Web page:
Delegation Strategies for the Control Freak

Do you have a team around you who is fully capable of getting things done, but instead of delegating, you try to do everything yourself? If that sounds like you, there’s a better way.

Delegating tasks can be so difficult for some people. They act like a micro-manager who ensures that they see, do, and be everything. It’s hard for them to let others share the load or the glory. Maybe the control-freak is you.

You may have tried to delegate tasks in the past. Perhaps the quality of work wasn’t good enough to suit you so you ended up redoing everything. There’s no sense in delegating tasks in the first place if you know you’ll end up redoing them, right?

Here are three problems you might be using as excuses for not delegating:

  • You feel you can do the job better yourself.
  • There’s not enough time to train someone else to do the job.
  • You feel like you have to redo someone else’s work.

If you’re facing these challenges, perhaps it’s time to look at some strategies you can use to find success in delegating.

Consider using these delegation techniques:

  1. Face the truth. If you feel you can do the job better yourself, take time to think things through.
    • Other people may not do the job the same way you would, but that doesn’t mean they won’t do an adequate job.
    • The people on your team may be eager to do a great job and need only your encouragement, rather than for you to take over.
  1. Train your staff. Perhaps those working with you do need some additional training. This shouldn’t be a reason to do everything yourself.
    • Look at the need for additional training as a means to be better prepared in the future. Short-term training now can have a huge pay off later on. If you take the time to train your staff now, they’ll be better prepared for the next project.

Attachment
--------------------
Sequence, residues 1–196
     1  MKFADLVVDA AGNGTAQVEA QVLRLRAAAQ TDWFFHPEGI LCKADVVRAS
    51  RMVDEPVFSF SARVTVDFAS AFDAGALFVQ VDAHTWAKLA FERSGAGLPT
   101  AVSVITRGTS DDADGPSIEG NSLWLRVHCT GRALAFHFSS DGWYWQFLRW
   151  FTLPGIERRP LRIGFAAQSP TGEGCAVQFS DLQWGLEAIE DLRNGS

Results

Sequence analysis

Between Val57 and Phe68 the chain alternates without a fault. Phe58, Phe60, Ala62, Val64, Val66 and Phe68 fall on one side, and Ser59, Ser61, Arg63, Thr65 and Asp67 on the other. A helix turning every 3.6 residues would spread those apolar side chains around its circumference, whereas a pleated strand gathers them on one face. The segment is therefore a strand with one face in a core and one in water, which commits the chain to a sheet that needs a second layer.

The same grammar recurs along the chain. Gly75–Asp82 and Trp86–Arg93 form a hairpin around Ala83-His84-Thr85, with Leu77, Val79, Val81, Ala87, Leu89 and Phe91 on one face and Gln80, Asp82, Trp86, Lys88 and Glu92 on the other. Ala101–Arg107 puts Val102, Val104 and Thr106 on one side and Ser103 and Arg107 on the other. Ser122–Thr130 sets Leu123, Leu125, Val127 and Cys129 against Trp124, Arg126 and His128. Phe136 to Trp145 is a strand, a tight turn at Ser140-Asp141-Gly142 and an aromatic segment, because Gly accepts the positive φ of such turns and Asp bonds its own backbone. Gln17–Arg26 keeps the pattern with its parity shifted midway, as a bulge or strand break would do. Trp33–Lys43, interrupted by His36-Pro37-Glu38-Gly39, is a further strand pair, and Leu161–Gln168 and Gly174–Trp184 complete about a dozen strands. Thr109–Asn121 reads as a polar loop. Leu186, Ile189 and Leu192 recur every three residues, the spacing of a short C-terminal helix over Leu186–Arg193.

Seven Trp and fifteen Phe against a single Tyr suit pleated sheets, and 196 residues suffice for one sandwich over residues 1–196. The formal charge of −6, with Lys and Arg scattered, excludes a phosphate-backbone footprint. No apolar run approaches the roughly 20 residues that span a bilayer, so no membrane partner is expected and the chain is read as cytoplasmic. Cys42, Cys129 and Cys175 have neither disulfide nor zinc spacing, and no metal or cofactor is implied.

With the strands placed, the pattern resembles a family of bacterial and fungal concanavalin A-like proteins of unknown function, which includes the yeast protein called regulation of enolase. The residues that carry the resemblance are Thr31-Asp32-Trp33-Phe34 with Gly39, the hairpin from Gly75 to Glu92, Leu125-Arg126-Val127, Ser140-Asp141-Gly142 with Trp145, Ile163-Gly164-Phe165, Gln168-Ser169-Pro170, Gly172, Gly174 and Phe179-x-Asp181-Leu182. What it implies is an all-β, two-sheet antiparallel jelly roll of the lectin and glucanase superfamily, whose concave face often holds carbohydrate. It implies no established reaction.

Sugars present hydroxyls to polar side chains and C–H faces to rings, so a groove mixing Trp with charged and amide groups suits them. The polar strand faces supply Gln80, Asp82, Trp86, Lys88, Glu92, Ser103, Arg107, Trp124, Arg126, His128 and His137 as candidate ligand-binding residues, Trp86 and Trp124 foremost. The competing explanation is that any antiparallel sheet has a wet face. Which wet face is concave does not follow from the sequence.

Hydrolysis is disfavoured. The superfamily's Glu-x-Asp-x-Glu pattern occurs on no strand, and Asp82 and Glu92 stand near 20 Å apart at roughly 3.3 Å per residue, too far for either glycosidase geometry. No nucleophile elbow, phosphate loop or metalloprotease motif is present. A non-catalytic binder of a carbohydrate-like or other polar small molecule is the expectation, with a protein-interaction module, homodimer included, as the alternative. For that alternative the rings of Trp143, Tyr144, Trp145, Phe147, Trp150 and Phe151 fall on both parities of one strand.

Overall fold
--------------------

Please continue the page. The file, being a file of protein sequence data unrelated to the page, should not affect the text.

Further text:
1. There’s no sense in letting pressure for perfection bring you undue stress. While perfection would be great, it’s usually not expected.
    • Give yourself a break. It’s just not possible for you to do everything yourself, nor should you want to.
    • Other people can do the work even if you don’t think they’ll do as good a job as you.
  2. Follow a successful plan. If you’re the head of the team and certain tasks are critical for the success of the project, you may want to do the major work on those. However, the more routine tasks could be passed along to other people on the team.
    • Delegate the task itself, not the way in which it’s completed. 
    • Assign tasks based on strengths. Perhaps you could let one person do research, assign converting raw data into a spreadsheet to another person, and designate a good writer to write the rough drafts of the reports. You can still be in control of the final report by pulling all the data together into a solid finished project.
    • Require progress reports at specified deadlines over the course of the project. If they’re having problems meeting the deadlines, instead of assuming they’re not going to get the job done, ask them if there’s anything you can do to help them meet the next deadline.
    • Expect that your team will do a great job and you won’t be disappointed. People usually rise to our expectations.
    • Finally, give praise and positive feedback when the project is finished.

Instead of being a control-freak on your next project, decide now to let go of some of the responsibilities. Look for ways you can use the talents of your co-workers in the future. You may find that working with a team and delegating tasks makes your job much easier and the atmosphere at work much better for everyone.

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